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SE Asia Speaker Series: Larry Chavis

October 7, 2016 @ 4:00 pm - 5:30 pm

sea_larrychavis2     Indonesia’s Kecamantan Development Project:  Insights into Community Driven Development This talk will summarize my work on the effect of competition between villages in Indonesia for block grants aimed at infrastructure and microcredit.  This was work I carried out about 10 years ago.  I will also take some time to reflect on how this large-scale, multi-billion dollar project has evolved over time given the initial focus on competition.  Below is the abstract from my initial research project. Decentralizing the allocation of public goods by giving funds directly to communities takes advantage of local information concerning needs, but leaves funds open to misuse or capture by local elites.  In Indonesia, the World Bank attempts to overcome this downside of decentralized allocation by having communities compete locally for block grants.  Competition weeds out less efficient projects.  Increasing the number of villages bidding by 10% leads to a 1.8% decline in road construction costs.  A similar pattern is found among microcredit projects.  Increased community participation in project planning and in the allocation of funding also leads to better outcomes. Larry Chavis researches how weak institutions in developing countries pose challenges for new business formation. He received his PhD in economics from the Stanford Graduate School of Business, an MS in applied economics and management and an MA in Asian studies from Cornell University, and a BA in anthropology from Duke University.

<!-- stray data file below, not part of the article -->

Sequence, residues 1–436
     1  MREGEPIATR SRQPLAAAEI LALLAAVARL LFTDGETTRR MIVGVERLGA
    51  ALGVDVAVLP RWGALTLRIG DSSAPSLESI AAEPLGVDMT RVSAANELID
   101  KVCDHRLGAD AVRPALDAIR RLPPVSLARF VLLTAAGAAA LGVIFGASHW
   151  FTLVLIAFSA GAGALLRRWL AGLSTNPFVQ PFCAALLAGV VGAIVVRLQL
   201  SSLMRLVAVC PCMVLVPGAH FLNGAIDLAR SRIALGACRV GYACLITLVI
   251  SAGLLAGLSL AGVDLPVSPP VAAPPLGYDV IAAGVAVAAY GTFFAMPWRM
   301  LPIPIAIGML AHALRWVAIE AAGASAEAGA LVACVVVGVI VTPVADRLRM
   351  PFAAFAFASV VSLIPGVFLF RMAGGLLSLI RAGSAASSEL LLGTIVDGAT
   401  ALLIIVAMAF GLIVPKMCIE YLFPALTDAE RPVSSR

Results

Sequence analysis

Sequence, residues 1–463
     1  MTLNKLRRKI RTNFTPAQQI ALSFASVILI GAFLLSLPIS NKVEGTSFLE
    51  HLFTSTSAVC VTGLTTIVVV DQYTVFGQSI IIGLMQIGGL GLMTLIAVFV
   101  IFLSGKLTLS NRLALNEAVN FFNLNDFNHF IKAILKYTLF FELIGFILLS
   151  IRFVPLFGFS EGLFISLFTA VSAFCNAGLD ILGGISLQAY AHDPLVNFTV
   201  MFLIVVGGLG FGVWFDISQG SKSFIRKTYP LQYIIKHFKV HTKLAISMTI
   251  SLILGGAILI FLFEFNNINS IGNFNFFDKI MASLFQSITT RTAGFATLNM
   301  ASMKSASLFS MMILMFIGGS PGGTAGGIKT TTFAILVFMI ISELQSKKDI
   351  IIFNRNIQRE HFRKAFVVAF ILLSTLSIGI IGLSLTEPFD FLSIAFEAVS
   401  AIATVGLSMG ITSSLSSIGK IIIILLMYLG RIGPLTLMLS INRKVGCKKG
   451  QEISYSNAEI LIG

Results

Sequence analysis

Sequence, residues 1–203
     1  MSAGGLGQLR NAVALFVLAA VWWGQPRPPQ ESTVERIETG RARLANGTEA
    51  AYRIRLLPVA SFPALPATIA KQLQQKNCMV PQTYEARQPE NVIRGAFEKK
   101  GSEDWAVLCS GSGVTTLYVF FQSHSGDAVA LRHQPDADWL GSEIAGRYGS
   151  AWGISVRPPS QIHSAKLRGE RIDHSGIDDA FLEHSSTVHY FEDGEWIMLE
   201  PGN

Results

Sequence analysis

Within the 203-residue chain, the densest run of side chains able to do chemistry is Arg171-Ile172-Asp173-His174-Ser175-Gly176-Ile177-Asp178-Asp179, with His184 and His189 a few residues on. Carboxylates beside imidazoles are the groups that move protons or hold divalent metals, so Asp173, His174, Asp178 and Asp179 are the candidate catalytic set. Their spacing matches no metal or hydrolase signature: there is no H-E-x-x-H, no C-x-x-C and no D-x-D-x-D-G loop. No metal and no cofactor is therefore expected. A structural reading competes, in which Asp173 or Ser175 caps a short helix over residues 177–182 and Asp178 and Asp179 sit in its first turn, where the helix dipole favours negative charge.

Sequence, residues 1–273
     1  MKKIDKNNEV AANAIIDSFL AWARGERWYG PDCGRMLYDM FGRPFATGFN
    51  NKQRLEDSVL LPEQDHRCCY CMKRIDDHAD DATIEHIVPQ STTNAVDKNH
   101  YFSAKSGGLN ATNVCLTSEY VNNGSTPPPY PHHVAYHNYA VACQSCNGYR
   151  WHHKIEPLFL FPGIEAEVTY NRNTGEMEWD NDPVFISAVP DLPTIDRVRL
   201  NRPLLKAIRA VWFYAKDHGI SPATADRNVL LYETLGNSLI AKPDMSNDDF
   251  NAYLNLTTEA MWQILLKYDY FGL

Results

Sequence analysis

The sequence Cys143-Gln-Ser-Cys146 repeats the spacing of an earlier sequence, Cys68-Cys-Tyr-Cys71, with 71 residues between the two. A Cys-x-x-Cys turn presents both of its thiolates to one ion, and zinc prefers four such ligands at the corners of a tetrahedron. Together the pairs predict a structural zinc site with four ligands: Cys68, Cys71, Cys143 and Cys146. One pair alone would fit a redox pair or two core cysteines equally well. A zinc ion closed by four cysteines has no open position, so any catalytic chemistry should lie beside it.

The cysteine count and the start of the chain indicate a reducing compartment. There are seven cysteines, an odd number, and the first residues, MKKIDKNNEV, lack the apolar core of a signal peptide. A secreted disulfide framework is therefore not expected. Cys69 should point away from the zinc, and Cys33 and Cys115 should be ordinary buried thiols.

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Date:
October 7, 2016
Time:
4:00 pm - 5:30 pm
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The Carolina Asia Center supports diverse Asia-related events. However, CAC co-sponsorship of any talk, seminar, documentary screening, film screening, performance or celebration does not constitute endorsement of or agreement with the views presented therein. As an academic institution, we value diverse perspectives that promote dialogue and understanding.

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